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  • 1.
    Ahlbeck, Ida
    et al.
    Stockholms universitet, Naturvetenskapliga fakulteten, Systemekologiska institutionen.
    Hansson, Sture
    Stockholms universitet, Naturvetenskapliga fakulteten, Systemekologiska institutionen.
    Hjerne, Olle
    Stockholms universitet, Naturvetenskapliga fakulteten, Systemekologiska institutionen.
    Evaluating fish diet analysis methods by individual-based modelling2012Ingår i: Canadian Journal of Fisheries and Aquatic Sciences, ISSN 0706-652X, E-ISSN 1205-7533, Vol. 69, nr 7, s. 1184-1201Artikel i tidskrift (Refereegranskat)
    Abstract [en]

    Knowledge of diet compositions is important in ecological research. There are many methods available and numerous aspects of diet composition. Here we used modelling to evaluate how well different diet analysis methods describe the true diet of fish, expressed in mass percentages. The methods studied were both basic methods (frequency of occurrence, dominance, numeric, mass, points) and composite indices (Index of Relative Importance, Comparative Feeding Index). Analyses were based on both averaged stomach content of individual fish and on pooled content from several fish. Prey preference, prey size, and evacuation rate influenced the performance of the diet analysis methods. The basic methods performed better than composite indices. Mass and points methods produced diet compositions most similar to the true diet and were also most robust, indicating that these methods should be used to describe energetic-nutritional sources of fish.

  • 2.
    Ahlbeck, Ida
    et al.
    Stockholms universitet, Naturvetenskapliga fakulteten, Systemekologiska institutionen.
    Hansson, Sture
    Stockholms universitet, Naturvetenskapliga fakulteten, Systemekologiska institutionen.
    Hjerne, Olle
    Stockholms universitet, Naturvetenskapliga fakulteten, Systemekologiska institutionen.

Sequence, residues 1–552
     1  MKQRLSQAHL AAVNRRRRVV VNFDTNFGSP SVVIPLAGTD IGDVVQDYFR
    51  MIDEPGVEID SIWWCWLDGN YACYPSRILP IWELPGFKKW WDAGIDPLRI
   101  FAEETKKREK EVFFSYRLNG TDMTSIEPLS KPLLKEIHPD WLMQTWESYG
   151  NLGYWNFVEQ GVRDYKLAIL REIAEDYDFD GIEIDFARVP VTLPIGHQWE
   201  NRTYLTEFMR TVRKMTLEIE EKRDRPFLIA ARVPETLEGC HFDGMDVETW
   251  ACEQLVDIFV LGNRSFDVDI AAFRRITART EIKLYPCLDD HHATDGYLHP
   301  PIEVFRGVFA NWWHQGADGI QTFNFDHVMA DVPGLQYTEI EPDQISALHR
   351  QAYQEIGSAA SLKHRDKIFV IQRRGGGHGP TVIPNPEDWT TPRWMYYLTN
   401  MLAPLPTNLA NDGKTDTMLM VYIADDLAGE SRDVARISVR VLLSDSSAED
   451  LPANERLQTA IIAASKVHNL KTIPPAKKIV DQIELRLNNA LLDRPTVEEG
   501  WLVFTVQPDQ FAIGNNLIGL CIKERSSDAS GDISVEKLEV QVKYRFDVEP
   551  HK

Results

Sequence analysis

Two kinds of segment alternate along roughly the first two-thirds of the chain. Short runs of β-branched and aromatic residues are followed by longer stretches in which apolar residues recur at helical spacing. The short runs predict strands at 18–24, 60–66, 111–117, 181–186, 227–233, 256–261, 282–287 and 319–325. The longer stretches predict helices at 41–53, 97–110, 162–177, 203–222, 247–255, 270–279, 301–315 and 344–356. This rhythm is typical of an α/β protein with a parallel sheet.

Evaluation of diet analysis methods by individual based modellingIngår i: Canadian Journal of Fisheries and Aquatic Sciences, ISSN 0706-652X, E-ISSN 1205-7533Artikel i tidskrift (Refereegranskat)
  • 3.
    Angeler, David G.
    et al.
    Stockholms universitet, Naturvetenskapliga fakulteten, Institutionen för ekologi, miljö och botanik. Swedish University of Agricultural Sciences, Sweden.
    Allen, Craig R.
    Garmestani, Ahjond S.
    Gunderson, Lance H.
    Hjerne, Olle
    Stockholms universitet, Naturvetenskapliga fakulteten, Institutionen för ekologi, miljö och botanik.
    Winder, Monika
    Stockholms universitet, Naturvetenskapliga fakulteten, Institutionen för ekologi, miljö och botanik.
    Quantifying the Adaptive Cycle2015Ingår i: PLoS ONE, ISSN 1932-6203, E-ISSN 1932-6203, Vol. 10, nr 12, artikel-id e0146053Artikel i tidskrift (Refereegranskat)
    Abstract [en]

    The adaptive cycle was proposed as a conceptual model to portray patterns of change in complex systems. Despite the model having potential for elucidating change across systems, it has been used mainly as a metaphor, describing system dynamics qualitatively. We use a quantitative approach for testing premises (reorganisation, conservatism, adaptation) in the adaptive cycle, using Baltic Sea phytoplankton communities as an example of such complex system dynamics. Phytoplankton organizes in recurring spring and summer blooms, a well-established paradigm in planktology and succession theory, with characteristic temporal trajectories during blooms that may be consistent with adaptive cycle phases. We used long-term (1994-2011) data and multivariate analysis of community structure to assess key components of the adaptive cycle. Specifically, we tested predictions about: reorganisation: spring and summer blooms comprise distinct community states; conservatism: community trajectories during individual adaptive cycles are conservative; and adaptation: phytoplankton species during blooms change in the long term. All predictions were supported by our analyses. Results suggest that traditional ecological paradigms such as phytoplankton successional models have potential for moving the adaptive cycle from a metaphor to a framework that can improve our understanding how complex systems organize and reorganize following collapse. Quantifying reorganization, conservatism and adaptation provides opportunities to cope with the intricacies and uncertainties associated with fast ecological change, driven by shifting system controls. Ultimately, combining traditional ecological paradigms with heuristics of complex system dynamics using quantitative approaches may help refine ecological theory and improve our understanding of the resilience of ecosystems.